The Stream: A little long and the acting a little so-so at times
The Big Screen: Inspirational and motivational story told very well
The Final Bill: An emotional rollercoaster and civil rights advocate’s gem for 2020 and beyond.
-Trip Fontaine and S2S: Movie ReviewsDirector: Destin Daniel Cretton
Starring: Brie Larson, Michael B. Jordan, Jamie Foxx
Rating: PG-13 (strong language and use of the N-word)
Runtime: 2 hours and 8 minutes
Movie Trailers: Respect, Soul, In the Heights, The Woman in the Window, The Lovebirds, The Photograph, Tenet
YOU CAN’T HANDLE THE TRUTH!!! Wrong movie…. Well this week we are able to review another surefire legal drama classic movie, Just Mercy. Based on a memoir by the real-life Bryan Stevenson, this film stars Michael B. Jordan as the young, justice-seeking, Stevenson, Brie Larson as Eva Ansley and Jamie Foxx as Walter McMillian. Just Mercy is a film that depicts part of how Bryan Stevenson became the widely respected and renown civil rights defense attorney, who has fought for wrongly convicted death row prisoners.
Let’s get to it. As a person who dabbles in the legal arts myself, this movie is extremely inspirational and motivational. The social commentary of this movie is almost more important than the actual movie. This movie highlights the disparate treatment in the justice system that certain races and those in poverty have faced since probably the beginning of time but especially since the creation of this country. Just Mercy seeks to remind those who are more privileged, if they care, that those who are impoverished and disenfranchised deserve the same rights, dignity and access to just as they have easy access to. People cannot be summed up by simply their race, their income, where they are from or even one mistake they make. Compassion is a necessity and empathy is a must. Such idealism courses through this film and what led Bryan Stevenson to live this life.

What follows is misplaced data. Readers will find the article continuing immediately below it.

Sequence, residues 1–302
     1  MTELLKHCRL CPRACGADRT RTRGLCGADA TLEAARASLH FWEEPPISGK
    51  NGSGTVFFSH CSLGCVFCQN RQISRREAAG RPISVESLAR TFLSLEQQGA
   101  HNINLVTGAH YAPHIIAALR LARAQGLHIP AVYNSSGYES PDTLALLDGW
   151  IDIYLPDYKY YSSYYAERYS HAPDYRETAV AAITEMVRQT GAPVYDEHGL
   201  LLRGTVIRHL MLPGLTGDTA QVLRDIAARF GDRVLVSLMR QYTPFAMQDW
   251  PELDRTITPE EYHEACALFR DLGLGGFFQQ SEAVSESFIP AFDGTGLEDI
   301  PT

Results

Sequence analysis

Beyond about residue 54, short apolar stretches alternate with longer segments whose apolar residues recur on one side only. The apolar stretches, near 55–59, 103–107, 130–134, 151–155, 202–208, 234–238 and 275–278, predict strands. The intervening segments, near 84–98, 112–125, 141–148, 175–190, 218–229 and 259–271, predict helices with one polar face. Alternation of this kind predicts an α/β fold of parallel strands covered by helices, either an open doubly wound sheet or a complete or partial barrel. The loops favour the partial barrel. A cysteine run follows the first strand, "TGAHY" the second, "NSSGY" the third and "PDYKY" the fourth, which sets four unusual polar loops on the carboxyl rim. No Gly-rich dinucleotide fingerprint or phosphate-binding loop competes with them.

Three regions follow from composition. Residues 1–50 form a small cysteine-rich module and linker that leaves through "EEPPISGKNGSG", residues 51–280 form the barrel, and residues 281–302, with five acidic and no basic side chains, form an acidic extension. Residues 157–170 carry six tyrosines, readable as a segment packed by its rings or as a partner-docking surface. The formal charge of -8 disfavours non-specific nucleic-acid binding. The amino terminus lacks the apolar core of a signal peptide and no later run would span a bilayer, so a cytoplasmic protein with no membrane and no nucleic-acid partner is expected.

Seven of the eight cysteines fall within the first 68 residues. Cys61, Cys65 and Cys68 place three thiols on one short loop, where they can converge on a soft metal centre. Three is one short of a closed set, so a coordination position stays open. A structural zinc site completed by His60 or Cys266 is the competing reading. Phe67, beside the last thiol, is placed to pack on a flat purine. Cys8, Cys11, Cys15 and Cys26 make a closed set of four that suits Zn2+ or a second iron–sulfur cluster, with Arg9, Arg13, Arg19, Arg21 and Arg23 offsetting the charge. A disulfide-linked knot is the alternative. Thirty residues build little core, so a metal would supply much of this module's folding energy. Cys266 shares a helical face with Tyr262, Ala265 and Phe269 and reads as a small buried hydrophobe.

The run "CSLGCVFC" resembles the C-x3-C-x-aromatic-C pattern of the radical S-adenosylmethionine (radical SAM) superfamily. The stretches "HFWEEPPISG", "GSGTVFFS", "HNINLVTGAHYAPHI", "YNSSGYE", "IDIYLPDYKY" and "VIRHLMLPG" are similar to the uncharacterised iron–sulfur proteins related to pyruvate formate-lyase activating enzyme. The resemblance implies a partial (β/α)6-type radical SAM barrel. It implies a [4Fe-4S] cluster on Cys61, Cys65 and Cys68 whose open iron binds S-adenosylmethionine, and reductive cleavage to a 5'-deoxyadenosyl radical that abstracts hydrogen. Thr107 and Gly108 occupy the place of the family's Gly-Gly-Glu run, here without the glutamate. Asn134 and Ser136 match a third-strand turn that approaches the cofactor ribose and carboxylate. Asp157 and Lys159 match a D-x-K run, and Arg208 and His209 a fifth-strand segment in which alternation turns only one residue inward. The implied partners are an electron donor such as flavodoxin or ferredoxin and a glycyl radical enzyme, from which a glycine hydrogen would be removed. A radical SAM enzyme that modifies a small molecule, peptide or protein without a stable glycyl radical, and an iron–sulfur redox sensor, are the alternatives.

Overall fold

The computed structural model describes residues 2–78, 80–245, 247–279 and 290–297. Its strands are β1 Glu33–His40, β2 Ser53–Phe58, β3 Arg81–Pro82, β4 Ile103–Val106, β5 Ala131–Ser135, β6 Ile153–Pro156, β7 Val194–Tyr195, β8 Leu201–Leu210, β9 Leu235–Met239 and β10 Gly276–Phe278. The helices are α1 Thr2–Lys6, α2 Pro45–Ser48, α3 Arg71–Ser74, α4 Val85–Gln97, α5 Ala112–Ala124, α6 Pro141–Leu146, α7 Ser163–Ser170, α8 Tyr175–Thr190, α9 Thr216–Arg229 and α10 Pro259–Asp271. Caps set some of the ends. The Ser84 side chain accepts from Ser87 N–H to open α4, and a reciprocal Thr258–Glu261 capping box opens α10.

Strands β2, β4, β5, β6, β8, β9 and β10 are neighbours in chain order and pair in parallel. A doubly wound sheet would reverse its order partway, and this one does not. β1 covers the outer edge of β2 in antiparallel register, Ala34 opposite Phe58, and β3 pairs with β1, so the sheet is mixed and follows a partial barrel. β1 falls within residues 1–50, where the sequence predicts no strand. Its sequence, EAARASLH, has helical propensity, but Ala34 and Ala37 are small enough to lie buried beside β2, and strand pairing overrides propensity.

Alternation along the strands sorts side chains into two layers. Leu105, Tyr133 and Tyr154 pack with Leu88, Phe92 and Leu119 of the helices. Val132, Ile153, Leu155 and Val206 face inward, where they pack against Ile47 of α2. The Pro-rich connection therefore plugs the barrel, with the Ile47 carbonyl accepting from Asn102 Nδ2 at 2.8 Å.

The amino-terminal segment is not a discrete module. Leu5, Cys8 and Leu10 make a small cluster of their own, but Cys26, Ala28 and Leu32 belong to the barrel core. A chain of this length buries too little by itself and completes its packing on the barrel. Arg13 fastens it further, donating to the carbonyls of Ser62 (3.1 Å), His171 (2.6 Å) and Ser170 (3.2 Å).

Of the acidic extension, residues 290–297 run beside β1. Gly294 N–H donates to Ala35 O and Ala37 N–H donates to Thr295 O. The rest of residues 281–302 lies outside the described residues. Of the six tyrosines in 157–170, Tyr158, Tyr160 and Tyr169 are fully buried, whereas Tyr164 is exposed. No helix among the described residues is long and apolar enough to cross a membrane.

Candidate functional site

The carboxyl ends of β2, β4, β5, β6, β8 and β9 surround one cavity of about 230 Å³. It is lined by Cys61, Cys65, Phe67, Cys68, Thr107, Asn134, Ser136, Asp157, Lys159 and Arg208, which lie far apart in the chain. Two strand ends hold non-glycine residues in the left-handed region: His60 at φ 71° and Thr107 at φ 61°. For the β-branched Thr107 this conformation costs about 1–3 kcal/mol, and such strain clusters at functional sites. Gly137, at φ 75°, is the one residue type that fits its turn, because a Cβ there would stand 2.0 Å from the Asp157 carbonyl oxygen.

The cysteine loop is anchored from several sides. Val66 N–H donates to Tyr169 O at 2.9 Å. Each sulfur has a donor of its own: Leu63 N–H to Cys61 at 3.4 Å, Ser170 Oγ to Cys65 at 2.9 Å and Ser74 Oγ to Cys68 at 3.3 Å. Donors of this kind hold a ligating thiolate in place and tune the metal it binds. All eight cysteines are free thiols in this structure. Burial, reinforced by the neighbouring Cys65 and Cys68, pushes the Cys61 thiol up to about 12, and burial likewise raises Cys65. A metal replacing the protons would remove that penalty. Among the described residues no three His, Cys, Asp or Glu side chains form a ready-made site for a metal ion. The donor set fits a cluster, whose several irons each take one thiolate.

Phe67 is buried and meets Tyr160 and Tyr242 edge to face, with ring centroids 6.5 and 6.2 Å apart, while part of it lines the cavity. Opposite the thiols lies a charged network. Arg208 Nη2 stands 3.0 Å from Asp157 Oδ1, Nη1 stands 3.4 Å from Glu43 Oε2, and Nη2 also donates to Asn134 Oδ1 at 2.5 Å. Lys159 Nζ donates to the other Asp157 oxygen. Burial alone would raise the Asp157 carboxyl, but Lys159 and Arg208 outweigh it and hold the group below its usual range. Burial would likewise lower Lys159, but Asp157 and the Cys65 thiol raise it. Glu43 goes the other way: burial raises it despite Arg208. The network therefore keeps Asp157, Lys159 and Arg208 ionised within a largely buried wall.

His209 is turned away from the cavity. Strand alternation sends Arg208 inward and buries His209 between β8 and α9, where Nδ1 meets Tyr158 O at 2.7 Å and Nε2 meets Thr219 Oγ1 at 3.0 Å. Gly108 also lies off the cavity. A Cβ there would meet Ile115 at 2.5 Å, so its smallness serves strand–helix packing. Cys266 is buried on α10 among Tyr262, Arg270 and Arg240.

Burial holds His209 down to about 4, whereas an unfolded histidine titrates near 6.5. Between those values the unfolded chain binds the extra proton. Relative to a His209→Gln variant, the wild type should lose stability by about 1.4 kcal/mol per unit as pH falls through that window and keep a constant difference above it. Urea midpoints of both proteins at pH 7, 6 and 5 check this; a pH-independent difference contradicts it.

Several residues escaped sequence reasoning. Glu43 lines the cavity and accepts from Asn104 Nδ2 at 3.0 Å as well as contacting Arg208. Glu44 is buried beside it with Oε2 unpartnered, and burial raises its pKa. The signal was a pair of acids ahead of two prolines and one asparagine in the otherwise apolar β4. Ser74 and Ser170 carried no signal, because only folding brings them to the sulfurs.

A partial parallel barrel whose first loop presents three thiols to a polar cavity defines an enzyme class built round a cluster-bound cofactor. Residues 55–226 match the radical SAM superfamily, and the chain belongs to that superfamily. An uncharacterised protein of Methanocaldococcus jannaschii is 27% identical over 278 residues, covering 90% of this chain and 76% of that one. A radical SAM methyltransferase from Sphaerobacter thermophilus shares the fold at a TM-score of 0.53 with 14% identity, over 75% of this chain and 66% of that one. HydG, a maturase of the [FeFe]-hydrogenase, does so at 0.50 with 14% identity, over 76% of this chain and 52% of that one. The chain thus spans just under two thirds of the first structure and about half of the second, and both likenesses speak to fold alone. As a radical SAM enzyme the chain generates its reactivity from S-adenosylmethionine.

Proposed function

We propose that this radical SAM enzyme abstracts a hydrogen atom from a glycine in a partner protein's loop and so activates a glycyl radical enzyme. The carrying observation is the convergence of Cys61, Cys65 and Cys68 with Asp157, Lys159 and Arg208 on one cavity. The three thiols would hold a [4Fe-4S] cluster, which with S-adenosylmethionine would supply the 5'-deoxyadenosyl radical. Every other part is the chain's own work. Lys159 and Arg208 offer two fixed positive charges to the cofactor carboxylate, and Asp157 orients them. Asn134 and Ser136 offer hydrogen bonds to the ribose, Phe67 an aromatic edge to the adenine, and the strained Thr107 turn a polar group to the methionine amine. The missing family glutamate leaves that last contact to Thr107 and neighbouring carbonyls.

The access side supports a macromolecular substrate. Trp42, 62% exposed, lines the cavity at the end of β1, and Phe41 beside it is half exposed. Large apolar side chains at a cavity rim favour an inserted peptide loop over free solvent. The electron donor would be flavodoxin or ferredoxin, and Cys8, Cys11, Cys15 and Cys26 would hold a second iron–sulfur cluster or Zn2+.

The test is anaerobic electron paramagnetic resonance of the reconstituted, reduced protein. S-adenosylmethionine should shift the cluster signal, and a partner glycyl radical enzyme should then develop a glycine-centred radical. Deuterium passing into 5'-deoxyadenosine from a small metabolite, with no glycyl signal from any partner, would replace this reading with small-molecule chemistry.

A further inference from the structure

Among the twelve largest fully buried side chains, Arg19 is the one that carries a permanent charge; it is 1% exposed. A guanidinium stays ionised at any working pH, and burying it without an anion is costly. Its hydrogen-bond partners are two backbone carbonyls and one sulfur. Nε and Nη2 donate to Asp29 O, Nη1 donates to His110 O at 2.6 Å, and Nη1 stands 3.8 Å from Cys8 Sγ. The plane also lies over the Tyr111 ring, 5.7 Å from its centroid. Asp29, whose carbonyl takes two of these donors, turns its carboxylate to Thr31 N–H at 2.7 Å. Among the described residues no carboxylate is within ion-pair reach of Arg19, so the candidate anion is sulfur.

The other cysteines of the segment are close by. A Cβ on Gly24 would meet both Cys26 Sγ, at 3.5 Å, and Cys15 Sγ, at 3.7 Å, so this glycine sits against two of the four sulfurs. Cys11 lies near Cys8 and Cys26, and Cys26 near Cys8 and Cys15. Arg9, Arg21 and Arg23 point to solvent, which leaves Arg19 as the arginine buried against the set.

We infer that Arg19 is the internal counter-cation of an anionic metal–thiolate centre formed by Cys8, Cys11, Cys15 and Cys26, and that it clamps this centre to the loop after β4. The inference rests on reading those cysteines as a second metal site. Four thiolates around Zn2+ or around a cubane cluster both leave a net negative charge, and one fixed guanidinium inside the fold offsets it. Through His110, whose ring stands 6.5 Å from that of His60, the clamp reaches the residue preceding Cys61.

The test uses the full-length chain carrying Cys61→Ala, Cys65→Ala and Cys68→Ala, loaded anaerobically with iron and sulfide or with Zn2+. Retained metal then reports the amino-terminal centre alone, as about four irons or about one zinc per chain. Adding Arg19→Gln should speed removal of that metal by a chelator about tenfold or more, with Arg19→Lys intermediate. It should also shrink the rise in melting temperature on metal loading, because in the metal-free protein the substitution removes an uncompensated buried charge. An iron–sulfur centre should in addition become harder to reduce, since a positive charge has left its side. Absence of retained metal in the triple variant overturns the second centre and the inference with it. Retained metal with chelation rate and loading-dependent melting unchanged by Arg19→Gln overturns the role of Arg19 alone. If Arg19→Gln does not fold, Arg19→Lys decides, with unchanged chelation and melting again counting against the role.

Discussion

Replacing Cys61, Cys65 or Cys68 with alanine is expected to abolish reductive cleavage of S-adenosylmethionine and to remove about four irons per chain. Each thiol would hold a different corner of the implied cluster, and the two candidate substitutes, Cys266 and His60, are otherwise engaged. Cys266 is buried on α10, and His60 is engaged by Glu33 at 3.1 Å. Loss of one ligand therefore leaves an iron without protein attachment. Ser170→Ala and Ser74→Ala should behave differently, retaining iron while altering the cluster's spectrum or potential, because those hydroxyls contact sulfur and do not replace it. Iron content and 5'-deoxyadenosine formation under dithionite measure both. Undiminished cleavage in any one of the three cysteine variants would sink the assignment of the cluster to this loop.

Michael B. Jordan, while making his typical face, was solid as the main character throughout the movie. Bryan Stevenson is kind of a thankless role. Jordan just has to be noble, steadfast and empathetic enough to portray the advocate for the inmates in need; and he does an admirable job playing that. The supporting actors really bring this film home. From Jamie Foxx, O’Shea Jackson Jr. and Rob Morgan to Karan Kendrick the supporting cast were heartfelt and convincing. In fact, they make the movie what it is. Without these strong supporting performances, this movie would have lack the soul needed to grab the audience.
The only slight negatives of this movie are akin to many movies, too long and the acting is a little touch-and-go at times. On the time front, I do believe there were a few scenes that either lingered too long or could’ve been cut. Interestingly enough, I’m sure there are moments from real life that were left out of the movie that might have been just as fitting. Now, on the acting front, as much as the poignant moments hit hard the most basic moments a couple times were lame. I think they could’ve used Brie Larson a lot better. Of course, I’m not sure what her character did in real life, but I’m sure she was more pivotal to the story than displayed. The producers may have missed using her “Room” acting but at least she didn’t go full Capt. Marvel on us.
Without a doubt, this movie needs to be watched in a theater. Focusing on prison reform, the death penalty and the justice system as a whole is very relevant to today even as the core of this film was set 30 years ago. In fact, I hope this movie could be someone’s inspiration like Philadelphia was for me. Hopefully, after watching this movie with a big box of popcorn, those in positions of power will view this movie and start being the solution to the historical injustices occurring in this country.